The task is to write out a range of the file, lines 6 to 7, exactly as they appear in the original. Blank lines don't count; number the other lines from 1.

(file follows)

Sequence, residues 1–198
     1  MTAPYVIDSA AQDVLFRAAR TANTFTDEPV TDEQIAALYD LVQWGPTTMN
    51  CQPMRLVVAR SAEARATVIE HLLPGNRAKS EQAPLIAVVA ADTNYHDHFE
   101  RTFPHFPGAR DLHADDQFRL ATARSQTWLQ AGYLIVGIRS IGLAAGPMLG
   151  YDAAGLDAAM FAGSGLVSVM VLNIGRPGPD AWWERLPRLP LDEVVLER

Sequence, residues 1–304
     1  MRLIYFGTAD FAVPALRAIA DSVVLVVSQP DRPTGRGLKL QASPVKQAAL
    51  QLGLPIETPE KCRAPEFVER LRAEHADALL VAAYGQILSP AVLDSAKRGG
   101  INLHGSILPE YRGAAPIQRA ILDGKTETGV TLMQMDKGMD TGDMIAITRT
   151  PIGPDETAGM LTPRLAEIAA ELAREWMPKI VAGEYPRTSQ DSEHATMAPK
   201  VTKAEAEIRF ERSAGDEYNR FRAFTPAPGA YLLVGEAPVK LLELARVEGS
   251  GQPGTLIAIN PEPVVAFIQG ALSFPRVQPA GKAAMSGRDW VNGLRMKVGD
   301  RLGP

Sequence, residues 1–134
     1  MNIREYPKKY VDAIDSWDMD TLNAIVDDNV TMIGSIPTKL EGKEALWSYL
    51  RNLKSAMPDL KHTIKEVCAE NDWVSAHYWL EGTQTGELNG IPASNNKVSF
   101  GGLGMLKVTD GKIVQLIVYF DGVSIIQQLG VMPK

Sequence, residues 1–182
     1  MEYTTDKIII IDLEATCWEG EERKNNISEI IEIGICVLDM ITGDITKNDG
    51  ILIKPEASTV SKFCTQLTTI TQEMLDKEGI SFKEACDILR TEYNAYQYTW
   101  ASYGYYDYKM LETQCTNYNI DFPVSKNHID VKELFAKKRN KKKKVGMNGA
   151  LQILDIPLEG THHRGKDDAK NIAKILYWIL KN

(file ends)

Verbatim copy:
Sequence, residues 1–304
     1  MRLIYFGTAD FAVPALRAIA DSVVLVVSQP DRPTGRGLKL QASPVKQAAL